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Results 1 to 8 of 8
  1. #1

    Default Emerald Green corycat deaths

    0 Not allowed!
    Hello -

    I have tried two different emerald green corycats in my cycled, 92 gal overflow. pH is 6.8-7.0, very consistent, ammonia/nitrites/nitrates all 0 (API liquid kit). The first cory was incredibly active for about a month, then immediately after a gravel vac and water change became very stressed and died within 24 hours.

    About two weeks later I added two sterbai corys, they are doing fine still. The second emerald was acquired about the same time, only made it for four days, then did the same as the first - very sudden stress and death within 24 hours. Not assoc with a water change this time.

    Any thoughts on what is happening to these guys? I know our water in WA state is relatively hard, but I haven't yet gotten a test kit for hardness so don't have a measurement. Could that be related?

    Thanks in advance! This is my first question post so I'm excited to get relies!! :)

  2. #2


    0 Not allowed!
    Hi, drmommacat

    I noticed in another thread that you were having troubles with gourami health issues. When having those problems, did you attempt to treat your tank with any kind of salt, medicines or chemicals? In general, bottom-dwelling fish (such as corydoras) can be extremely sensitive to chemical additives and do not tolerate the addition of salt.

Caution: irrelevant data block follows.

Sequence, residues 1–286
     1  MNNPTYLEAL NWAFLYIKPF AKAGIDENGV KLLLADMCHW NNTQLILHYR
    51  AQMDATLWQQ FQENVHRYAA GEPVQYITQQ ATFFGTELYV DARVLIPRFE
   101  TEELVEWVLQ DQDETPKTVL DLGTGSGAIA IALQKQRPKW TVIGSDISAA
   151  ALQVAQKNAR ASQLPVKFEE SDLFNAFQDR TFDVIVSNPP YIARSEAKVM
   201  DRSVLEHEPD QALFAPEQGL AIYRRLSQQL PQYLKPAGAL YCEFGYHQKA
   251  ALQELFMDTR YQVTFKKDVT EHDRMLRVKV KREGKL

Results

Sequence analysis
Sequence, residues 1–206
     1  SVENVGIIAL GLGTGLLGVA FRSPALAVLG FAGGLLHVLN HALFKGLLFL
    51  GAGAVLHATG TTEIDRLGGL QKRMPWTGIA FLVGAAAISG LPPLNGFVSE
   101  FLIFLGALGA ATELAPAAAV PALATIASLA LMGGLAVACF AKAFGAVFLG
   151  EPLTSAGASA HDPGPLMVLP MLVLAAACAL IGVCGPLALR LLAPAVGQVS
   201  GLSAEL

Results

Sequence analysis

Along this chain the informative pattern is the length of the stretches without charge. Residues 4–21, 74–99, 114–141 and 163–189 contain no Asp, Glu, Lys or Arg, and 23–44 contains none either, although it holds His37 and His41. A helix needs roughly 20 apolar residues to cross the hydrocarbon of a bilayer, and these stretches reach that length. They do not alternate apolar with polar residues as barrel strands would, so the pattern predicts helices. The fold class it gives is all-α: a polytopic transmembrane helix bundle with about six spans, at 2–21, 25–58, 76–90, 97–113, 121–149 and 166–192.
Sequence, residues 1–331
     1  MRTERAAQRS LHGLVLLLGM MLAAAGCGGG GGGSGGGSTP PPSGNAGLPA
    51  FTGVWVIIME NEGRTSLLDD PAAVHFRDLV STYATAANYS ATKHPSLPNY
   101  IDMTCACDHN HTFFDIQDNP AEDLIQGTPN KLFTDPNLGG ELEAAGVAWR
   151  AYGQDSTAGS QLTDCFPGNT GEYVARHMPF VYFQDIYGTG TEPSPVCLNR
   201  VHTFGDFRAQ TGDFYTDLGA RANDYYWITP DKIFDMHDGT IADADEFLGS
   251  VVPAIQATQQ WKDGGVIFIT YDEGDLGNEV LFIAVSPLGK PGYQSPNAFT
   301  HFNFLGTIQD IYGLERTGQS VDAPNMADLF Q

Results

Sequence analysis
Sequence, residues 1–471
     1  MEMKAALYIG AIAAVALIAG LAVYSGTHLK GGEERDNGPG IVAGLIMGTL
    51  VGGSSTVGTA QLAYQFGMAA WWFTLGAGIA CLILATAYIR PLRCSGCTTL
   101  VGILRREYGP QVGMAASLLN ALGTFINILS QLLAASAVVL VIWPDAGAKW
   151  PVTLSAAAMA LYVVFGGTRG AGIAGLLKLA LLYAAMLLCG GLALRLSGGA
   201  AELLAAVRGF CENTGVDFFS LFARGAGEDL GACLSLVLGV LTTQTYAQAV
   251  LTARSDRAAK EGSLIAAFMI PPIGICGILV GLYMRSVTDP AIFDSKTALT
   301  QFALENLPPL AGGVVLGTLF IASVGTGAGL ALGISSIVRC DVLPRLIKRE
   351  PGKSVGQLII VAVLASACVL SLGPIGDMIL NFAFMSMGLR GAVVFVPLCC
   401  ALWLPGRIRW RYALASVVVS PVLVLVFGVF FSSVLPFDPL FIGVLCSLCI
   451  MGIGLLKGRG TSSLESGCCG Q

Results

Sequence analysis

When you performed your water change, was the temperature and pH of the tapwater roughly the same as the temperature and pH of your tank? If not, the water change could have "shocked" your first cory with the abrupt change of conditions.

    In the case of the second corydora, how did you acclimate him (and his friends) to your aquarium? I ask becausee I made that mistake and lost a peppered cory within his first couple of weeks. Thankfully, his remaining friends seem to be okay, but it was a lesson learned.

    I hope we can help you solve your mystery.

  3. #3


    0 Not allowed!